β-Hydroxybutyrate in the Brain: One Molecule, Multiple Mechanisms
Beta-hydroxybutyrate (BHB) is the ketone body, our main source of energy during fasting and the keto diet.
Up to 70% of all ketones are BHB.
This ketone is synthesized in the liver mitochondria from the oxidation of fatty acids and adipose tissue, human milk, or from ketogenic amino acids.
Beta-hydroxybutyrate can also be synthesized endogenously by astrocytes.
Outside of the keto diet, the plasma concentration of BHB is 0.04 mmol/liter on average. Fasting from a week of 5-6 mmol, ketoacidosis about 25.
Monocarboxylate transporters (MCT1, MCT2, MCT4, SMCT1) deliver to BHB neurons. All of them (except MCT2) have low affinity with BHB, but affinity increases strongly with fasting and a keto diet.
How beta-hydroxybutyrate gets into the mitochondrion is not fully defined [although Ling’s Association-induction theory allows us to explain this]. The mitochondria take about 50% of this ketone at a concentration of 0.9 mmol, which is quite a lot.
IMPORTANT!!! BHB improves the redox potential of the NAD+ / NADH pair from -280 to -300 mV (a study on the mitochondria of rat hearts). The redox Potential is the amount of electrons (or energy) that a substance can give or take away. In this case, it turns out that with the banal replacement of glucose with ketones, your mitochondria begin to work 5-7% more effectively.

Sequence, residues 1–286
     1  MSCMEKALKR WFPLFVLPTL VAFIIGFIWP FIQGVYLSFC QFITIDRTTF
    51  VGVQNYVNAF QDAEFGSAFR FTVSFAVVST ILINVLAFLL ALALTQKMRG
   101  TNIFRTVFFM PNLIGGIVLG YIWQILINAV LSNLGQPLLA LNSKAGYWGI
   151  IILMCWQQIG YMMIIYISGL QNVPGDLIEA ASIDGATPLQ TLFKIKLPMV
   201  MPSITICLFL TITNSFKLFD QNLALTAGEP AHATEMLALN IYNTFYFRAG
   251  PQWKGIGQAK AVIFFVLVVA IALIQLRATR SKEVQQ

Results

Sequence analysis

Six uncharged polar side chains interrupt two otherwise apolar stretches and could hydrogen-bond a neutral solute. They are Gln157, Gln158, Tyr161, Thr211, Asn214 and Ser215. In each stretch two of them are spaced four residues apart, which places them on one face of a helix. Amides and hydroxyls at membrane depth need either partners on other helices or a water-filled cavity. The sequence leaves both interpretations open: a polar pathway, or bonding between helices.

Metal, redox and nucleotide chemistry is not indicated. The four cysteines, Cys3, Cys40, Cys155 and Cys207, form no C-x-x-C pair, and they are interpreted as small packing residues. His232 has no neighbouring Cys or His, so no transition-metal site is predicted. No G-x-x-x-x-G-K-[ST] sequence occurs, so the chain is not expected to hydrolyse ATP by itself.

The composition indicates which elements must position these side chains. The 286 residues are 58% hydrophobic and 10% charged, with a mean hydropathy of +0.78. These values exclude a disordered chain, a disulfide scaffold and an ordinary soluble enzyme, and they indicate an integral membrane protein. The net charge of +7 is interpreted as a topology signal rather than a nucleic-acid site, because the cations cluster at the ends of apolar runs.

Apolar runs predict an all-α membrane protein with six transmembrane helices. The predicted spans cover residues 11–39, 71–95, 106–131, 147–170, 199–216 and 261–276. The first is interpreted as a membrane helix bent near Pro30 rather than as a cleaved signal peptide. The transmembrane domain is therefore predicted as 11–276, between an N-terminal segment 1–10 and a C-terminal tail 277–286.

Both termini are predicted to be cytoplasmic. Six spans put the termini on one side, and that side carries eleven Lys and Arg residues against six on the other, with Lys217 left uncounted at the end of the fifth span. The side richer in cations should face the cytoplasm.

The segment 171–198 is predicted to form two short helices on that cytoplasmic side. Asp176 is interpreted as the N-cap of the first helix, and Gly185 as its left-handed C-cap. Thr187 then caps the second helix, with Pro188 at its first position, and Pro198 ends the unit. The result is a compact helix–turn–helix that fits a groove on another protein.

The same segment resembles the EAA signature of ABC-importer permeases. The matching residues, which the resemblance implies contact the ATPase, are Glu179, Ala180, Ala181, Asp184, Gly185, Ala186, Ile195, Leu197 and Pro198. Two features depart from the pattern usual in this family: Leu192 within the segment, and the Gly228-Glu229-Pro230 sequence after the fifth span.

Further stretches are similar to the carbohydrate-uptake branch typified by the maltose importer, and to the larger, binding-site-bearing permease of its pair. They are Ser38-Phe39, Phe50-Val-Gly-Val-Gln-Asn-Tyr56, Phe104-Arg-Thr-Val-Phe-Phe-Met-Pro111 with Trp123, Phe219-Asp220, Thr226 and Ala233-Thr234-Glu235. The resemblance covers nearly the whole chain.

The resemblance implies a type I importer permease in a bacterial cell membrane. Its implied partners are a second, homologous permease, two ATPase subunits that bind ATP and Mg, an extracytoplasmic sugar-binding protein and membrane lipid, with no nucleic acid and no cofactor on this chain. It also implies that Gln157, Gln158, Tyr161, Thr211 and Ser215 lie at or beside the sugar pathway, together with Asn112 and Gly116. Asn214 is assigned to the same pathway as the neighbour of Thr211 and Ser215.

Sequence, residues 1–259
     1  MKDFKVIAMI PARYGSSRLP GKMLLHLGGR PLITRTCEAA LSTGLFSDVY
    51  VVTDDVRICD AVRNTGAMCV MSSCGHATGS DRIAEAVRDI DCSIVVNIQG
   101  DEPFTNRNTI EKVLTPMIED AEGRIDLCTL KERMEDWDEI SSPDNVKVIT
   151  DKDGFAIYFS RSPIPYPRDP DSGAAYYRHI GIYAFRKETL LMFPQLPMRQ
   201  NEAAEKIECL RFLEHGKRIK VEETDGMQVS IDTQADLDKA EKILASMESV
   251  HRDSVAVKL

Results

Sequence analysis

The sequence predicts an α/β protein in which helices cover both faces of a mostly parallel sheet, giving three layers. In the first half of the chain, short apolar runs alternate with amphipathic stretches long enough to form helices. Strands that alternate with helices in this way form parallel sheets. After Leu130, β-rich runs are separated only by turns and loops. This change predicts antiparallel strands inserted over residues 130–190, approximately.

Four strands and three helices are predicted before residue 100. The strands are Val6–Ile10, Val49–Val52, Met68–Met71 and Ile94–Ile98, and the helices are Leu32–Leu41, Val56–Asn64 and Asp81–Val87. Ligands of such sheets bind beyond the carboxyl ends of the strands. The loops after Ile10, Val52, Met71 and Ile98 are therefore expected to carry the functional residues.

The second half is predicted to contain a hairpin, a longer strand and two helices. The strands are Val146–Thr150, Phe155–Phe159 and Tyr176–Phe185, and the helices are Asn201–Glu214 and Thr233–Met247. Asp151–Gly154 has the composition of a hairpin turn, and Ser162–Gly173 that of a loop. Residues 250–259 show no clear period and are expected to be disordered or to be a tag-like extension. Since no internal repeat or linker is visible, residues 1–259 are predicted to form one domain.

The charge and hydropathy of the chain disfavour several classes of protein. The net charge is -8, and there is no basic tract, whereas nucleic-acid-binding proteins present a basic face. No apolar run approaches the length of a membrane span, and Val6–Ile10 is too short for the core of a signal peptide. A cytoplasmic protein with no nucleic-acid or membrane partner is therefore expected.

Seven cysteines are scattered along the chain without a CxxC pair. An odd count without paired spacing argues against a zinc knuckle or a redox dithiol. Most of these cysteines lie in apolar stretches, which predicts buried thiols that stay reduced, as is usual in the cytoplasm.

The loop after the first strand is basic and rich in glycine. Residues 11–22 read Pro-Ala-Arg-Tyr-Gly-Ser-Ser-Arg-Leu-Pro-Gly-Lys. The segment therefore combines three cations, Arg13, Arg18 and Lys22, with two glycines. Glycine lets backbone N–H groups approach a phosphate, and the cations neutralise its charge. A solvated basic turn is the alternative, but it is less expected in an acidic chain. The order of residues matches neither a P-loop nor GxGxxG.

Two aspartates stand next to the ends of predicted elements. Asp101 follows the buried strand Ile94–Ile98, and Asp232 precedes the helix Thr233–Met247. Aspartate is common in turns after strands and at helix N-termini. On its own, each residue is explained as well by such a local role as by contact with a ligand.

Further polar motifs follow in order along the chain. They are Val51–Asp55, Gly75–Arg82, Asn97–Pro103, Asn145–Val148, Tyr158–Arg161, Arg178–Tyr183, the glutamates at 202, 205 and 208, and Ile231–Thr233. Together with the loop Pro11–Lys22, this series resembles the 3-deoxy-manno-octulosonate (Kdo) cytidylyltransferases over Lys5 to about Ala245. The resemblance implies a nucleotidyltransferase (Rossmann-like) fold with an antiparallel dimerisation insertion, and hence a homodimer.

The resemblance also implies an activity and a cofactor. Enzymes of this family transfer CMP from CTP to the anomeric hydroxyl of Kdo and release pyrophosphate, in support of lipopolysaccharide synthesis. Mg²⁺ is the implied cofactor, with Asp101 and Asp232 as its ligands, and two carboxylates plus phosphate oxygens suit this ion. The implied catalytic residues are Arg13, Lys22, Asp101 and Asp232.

The l-isomer BHB does not promote mitochondrial respiration (energy production).
The article goes on to discuss genetic diseases related to enzymes necessary for ketone metabolism. These diseases are very rare (30 cases from 72 years, 11 cases in 88 years, etc.). But you can remember the enzymes that are necessary for the metabolism of ketones. BHD, SCOT (3-axoacid-CoA transferase), T2 (acetoacetyl-CoA thiolase).
Since the age of 73 (LIUs Sokoloff), we are talking about the fact that the role of glucose as a brain fuel should be reconsidered. In the developing brain, ketones are the preferred fuel.
All types of brain cells can use ketones as fuel.
The above enzymes are most active in astrocytes.
BHB allows you to maintain the basic energy needs of the Genbrain.
BHB increases the concentration of Acetyl-CoA, but reduces the concentration of “free” coenzyme A. In astrocytes, it reduces the conversion of glutamate to aspartate, and reduces the concentration of aspartate. Increases the level of citrate (in astrocytes), which in turn suppresses glutamine synthetase.
In neurons, it reduces the synthesis of the neutrotransmitter glutamate.
Reduces the production of reactive oxygen species in complex 2.
Changes the activity of K+ – aft channels, which reduces the need for glucose and also has a neuroprotective effect. Increases Ca2+ concentration, BHB modulates sympathetic activity.
Improves protection against oxidative stress by inhibiting various histone enzymes.
Reduces inflammatory processes created by the immune system.
To sum up.
- more energy-efficient fuel than glucose;
- can support the function of neurons);
- they are most actively generated in astocytes (with subsequent sending to neurons using MC transporters);
- they create fewer reactive oxygen species, protect against oxidative stress, and have a number of serious neuroprotective effects;